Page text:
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This Month in History: Zimbabwe


This is the Zimbabwean flag. Today we will learn some historical facts about Zimbabwe and focus on the positive aspects of the culture!

-On April 18, 1980, Zimbabwe won its independence with Robert Mugabe as Prime Minister and Canaan Banana as ceremonial President.

-Zimbabwe derives its name from historical stone structures called “Great Zimbabwe” (houses of stone), the largest in Africa after the pyramids of Egypt. The stone sculptures were built in stages between 800 and 1500 A.D.

-Two centuries before the Norman conquest of England, Zimbaweans were founding a great civilization, whish lasted for six hundred years. Despite difficulties of communication those days, African people developed powerful state formations, extensive administrations and sophisticated socio-economic networks. Historical evidence shows that the people had skills in agriculture, animal husbandry and metal smelting (iron, copper and gold).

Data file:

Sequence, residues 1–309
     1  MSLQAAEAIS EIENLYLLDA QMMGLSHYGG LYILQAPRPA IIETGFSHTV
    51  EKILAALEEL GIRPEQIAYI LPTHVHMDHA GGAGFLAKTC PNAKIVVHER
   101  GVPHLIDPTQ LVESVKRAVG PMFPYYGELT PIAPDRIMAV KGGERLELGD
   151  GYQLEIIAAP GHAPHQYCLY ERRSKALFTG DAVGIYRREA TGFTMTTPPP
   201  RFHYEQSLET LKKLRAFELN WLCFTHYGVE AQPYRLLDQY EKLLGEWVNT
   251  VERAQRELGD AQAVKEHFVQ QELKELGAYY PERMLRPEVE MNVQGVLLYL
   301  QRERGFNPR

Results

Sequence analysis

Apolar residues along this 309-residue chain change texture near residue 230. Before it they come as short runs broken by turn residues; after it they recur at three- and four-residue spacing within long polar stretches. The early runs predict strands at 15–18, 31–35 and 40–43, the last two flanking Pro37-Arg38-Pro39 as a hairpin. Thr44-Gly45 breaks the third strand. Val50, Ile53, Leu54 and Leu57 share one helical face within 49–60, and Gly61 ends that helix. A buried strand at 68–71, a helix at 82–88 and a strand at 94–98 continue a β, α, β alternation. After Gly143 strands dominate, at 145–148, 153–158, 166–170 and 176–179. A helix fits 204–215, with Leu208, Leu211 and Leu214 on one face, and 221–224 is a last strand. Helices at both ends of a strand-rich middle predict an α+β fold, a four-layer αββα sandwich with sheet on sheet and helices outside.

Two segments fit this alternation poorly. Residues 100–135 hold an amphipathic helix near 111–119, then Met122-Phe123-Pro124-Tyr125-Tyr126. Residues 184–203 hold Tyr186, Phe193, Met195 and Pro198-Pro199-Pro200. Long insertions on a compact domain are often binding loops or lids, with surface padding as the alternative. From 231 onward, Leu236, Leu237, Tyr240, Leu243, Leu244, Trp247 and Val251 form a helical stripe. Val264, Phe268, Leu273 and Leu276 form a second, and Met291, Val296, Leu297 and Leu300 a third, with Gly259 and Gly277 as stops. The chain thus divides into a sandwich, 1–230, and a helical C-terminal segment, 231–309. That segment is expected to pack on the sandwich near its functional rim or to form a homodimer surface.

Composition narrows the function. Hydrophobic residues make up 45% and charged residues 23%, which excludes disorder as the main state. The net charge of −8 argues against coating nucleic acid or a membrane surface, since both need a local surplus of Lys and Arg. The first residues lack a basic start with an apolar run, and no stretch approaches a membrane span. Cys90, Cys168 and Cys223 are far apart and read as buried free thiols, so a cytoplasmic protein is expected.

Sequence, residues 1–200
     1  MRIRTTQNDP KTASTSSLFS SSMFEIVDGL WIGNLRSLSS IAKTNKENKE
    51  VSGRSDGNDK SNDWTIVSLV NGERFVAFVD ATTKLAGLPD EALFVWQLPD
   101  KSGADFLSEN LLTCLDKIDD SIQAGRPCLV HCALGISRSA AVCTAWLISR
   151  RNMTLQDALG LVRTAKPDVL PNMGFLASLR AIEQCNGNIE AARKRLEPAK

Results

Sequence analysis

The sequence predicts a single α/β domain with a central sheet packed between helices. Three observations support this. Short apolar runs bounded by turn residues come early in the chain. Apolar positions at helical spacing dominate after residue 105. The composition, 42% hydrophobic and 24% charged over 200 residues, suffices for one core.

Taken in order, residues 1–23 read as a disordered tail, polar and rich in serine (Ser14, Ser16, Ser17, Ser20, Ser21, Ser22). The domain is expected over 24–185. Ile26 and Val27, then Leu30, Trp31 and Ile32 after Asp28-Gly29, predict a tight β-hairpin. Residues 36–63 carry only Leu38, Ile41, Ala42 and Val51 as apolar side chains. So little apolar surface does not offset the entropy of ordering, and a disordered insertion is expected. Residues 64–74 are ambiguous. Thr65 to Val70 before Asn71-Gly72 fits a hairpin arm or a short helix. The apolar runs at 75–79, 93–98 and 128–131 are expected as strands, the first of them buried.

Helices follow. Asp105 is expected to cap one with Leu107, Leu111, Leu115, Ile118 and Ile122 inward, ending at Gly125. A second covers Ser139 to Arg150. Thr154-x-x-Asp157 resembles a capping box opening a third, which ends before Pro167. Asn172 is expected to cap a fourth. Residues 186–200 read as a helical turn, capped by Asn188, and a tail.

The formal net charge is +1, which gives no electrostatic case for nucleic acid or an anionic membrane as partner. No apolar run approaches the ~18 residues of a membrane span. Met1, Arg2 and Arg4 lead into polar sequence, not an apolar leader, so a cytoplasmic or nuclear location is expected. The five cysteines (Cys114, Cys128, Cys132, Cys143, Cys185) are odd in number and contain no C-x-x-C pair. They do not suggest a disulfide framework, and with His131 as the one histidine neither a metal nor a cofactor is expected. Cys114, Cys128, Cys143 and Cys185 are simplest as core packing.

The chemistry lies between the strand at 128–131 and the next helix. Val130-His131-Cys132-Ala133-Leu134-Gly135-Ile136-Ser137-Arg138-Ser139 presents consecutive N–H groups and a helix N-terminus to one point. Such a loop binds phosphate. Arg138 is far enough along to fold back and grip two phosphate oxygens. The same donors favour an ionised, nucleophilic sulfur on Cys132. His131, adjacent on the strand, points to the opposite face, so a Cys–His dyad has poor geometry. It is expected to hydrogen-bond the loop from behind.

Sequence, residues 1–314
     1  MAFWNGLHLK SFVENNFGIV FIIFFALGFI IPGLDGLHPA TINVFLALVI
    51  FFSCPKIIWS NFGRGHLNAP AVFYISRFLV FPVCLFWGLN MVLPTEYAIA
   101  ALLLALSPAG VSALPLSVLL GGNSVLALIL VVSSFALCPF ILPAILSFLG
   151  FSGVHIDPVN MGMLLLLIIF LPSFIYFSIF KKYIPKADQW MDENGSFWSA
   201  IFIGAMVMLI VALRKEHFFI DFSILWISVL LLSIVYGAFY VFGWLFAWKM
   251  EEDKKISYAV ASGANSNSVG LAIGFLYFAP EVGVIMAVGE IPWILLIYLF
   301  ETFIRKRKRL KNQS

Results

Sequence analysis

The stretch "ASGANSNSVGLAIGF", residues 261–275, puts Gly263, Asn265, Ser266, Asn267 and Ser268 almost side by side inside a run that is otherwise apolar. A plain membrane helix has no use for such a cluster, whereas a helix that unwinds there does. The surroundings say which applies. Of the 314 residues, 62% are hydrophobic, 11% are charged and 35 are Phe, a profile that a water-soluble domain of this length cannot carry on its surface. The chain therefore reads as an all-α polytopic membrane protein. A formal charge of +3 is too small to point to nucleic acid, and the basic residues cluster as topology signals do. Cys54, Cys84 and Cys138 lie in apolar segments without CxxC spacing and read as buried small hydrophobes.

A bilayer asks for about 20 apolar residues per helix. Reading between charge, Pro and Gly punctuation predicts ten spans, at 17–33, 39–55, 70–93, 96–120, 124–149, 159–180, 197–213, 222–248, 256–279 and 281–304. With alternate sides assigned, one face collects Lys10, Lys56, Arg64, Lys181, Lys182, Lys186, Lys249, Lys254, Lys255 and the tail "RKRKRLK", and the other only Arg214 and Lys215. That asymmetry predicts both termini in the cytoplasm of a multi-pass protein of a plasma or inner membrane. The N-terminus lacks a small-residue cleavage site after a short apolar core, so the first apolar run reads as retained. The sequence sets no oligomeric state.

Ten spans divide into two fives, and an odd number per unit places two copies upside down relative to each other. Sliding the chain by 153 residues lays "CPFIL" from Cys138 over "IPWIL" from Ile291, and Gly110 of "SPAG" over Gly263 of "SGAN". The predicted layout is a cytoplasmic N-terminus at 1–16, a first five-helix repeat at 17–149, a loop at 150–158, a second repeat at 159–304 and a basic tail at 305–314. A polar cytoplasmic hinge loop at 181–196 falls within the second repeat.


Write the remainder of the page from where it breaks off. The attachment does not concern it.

-Zimbabwe has a high literacy rate! At independence, only 40% of children went to primary school, but by 1985, over 93% were attending school. Zimbabwe has one of the highest literacy rates (87%) and one of the most educated labour force. Following Zimbabwe’s independence there was also rapid expansion in secondary and tertiary education. In the health sector, government achieved a significant shift of facilities and resource allocation from urban to rural areas, and from curative to preventive health care.

-In the first ten years of independence Zimbabwe achieved phenomenal success in education, health, housing and social service sectors.

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